Changes in tax law that were passed at the end of 2017 resulted in a large number of people attempting to finalize their divorces before these laws became effective at the beginning of January, 2019. One substantial change is that under these new tax laws, alimony is no longer deductible by the payor and is no longer taxable for the receiver. These changes have had a substantial impact on both sides of alimony payments following a divorce. There are also, however, a number of other changes that people performing estate planning following a divorce should consider. The following reviews some of the most important changes in the law that will impact your estate planning and your divorce.
Updating Health Care Power of Attorney
A healthcare power of attorney document allows a person to appoint another person to make healthcare decisions for him or her in case of a coma or other incapacity. If you want to avoid having your former spouse make these types of decisions on your behalf, you need to accurately update your estate planning documents to reflect these changes. You should make sure that you still have a power of attorney document, however. In many cases, people find it appropriate to create a power of attorney appointing a friend or relative to make healthcare and financial decisions in case the individual becomes incapacitated.
Properly Revise Your Trust and Will
Following a divorce, it is often critical to revise your trust and will to remove your former spouse if he or she is listed as an executor or trustee of your estate. This is assuming that you do not want your former spouse to receive any assets after you die, which while often true, is not always so.
Reconsider Guardianship for Minor Children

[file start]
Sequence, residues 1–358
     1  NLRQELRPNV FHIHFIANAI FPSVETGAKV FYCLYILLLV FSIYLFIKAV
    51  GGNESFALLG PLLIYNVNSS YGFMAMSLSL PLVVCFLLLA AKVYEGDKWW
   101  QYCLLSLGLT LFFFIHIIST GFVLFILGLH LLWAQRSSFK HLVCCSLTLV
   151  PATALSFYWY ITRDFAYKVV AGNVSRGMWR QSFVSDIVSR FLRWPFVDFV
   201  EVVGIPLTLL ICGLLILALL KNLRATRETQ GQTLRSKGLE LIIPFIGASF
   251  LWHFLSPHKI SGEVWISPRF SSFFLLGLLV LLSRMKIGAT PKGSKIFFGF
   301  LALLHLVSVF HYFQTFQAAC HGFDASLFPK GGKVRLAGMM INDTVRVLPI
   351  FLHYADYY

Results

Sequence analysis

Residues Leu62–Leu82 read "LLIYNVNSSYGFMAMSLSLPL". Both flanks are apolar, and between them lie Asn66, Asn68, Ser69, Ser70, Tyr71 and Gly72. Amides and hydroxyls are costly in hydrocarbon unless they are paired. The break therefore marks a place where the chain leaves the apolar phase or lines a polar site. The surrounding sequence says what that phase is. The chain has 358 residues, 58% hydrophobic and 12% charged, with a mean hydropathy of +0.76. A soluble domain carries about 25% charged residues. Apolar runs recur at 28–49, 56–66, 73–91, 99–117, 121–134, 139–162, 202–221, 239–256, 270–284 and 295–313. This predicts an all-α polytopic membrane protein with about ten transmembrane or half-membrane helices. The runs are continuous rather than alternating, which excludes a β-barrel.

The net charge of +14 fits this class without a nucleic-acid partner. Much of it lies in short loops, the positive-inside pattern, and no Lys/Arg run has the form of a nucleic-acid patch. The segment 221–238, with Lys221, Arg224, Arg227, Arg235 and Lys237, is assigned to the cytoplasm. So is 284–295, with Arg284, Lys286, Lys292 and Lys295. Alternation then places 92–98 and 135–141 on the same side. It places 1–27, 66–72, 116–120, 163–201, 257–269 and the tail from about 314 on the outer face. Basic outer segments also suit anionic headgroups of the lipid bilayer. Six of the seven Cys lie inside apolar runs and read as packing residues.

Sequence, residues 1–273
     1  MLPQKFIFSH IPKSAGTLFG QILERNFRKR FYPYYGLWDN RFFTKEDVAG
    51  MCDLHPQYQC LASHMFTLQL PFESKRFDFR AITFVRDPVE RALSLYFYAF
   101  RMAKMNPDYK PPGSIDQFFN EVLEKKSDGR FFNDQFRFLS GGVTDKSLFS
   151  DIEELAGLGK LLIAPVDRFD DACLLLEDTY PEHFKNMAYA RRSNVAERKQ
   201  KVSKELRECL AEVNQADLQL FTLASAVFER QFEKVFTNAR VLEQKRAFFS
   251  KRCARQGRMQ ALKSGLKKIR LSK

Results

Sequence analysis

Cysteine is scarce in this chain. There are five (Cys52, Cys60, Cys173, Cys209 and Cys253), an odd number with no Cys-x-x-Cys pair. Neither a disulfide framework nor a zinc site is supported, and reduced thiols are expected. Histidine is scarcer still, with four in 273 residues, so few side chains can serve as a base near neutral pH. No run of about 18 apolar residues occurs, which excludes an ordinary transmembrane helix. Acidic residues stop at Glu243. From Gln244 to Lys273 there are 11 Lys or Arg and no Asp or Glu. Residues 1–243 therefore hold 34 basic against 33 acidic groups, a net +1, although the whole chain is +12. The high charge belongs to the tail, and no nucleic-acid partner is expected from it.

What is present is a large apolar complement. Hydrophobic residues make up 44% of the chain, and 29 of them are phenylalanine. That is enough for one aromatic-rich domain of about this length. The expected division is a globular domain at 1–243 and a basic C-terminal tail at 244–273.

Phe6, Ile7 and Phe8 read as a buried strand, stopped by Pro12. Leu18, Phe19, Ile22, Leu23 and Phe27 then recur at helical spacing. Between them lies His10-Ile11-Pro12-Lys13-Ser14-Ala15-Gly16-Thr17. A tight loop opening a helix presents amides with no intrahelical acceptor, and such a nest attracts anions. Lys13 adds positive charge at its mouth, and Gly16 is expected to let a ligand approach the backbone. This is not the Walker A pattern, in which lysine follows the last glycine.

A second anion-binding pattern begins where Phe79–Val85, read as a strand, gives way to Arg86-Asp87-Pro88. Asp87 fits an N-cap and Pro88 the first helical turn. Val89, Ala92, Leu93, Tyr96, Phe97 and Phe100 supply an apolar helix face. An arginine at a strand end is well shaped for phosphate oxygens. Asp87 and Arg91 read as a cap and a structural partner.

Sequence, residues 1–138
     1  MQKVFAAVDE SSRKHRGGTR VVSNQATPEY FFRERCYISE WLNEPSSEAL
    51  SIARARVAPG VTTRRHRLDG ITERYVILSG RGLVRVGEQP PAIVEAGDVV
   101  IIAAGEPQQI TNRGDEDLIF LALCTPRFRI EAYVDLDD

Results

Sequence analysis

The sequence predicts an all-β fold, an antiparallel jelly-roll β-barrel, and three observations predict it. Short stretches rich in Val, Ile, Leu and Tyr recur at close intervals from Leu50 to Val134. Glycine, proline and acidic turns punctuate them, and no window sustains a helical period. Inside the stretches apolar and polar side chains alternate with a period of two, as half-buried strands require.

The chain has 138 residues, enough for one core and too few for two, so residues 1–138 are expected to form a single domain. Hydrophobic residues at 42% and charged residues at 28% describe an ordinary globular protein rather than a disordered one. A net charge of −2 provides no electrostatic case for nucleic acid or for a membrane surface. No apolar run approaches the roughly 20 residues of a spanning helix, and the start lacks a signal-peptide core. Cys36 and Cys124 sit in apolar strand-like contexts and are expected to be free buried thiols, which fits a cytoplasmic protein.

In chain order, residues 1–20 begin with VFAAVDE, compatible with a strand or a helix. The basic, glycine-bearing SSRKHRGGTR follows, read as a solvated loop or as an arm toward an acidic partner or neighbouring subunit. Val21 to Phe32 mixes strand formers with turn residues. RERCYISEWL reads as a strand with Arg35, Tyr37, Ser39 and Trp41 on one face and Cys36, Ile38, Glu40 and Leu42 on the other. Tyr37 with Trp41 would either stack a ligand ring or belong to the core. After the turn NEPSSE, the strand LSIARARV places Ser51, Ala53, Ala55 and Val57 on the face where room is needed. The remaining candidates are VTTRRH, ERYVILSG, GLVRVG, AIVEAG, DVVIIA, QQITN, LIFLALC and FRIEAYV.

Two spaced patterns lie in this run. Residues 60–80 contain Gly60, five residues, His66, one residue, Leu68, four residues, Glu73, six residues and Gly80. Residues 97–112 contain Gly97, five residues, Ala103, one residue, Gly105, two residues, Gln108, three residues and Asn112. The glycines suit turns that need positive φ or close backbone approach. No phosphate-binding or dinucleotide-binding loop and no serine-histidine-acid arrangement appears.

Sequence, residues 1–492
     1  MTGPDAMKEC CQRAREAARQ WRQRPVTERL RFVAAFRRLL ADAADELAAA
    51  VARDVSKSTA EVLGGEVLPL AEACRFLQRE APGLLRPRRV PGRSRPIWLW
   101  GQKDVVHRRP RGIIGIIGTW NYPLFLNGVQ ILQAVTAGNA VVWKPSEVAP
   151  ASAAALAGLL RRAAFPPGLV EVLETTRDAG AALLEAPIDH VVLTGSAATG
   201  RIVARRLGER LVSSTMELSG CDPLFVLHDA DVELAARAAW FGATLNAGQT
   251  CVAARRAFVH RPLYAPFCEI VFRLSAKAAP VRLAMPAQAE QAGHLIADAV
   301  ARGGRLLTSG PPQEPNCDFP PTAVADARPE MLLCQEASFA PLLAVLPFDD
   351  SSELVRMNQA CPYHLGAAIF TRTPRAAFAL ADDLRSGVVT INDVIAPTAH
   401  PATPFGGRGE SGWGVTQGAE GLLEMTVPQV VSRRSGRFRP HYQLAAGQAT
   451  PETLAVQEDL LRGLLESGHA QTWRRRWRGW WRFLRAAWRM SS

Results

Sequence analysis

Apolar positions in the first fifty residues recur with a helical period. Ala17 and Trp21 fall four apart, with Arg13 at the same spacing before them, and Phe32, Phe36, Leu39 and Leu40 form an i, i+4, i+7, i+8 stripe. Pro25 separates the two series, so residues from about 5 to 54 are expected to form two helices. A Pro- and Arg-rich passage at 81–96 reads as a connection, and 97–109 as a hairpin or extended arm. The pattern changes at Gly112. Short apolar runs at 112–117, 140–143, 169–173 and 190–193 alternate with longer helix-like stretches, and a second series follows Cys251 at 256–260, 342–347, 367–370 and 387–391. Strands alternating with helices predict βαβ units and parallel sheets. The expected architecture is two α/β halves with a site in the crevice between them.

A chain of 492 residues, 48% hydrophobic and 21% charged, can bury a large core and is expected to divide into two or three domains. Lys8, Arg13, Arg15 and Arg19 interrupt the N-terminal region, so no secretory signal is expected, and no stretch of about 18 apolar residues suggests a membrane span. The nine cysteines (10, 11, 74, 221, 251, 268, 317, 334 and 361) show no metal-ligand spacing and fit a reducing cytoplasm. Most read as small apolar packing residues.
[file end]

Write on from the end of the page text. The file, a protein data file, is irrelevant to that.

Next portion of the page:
One of the most complicated estate planning issues faced by recently divorced couples is how to determine who will take care of minor children in case one of the parents becomes incapacitated. In the case of many divorcees, a former spouse will be appointed custodian of the minor children unless the court determines that the individual is unfit. When a former spouse has a substance abuse problem or has committed acts of domestic violence, it is often critical to appoint someone else who can take care of minor children.
Create a Trust for Minor Children
If you have not created a trust for minor children and a former spouse is the children’s guardian, he or she will have control over the children’s finances until they reach the age of 18. Many divorcees do not want a former spouse having this type of control over the lives of the children. For this reason, it is often a wise idea to consider creating a revocable trust to control the funds received by your children. `
Speak with an Experienced Estate Planning Lawyer Today
No matter if you are facing a divorce or navigating any other type of issue in your life, it is critical to make sure that your estate planning documents are adequately updated. It can be helpful to obtain the assistance of an experienced estate planning lawyer. Attorney Jim A. Lyon has substantial experience helping people navigate the estate planning process. Contact attorney Lyon today to schedule an initial free consultation.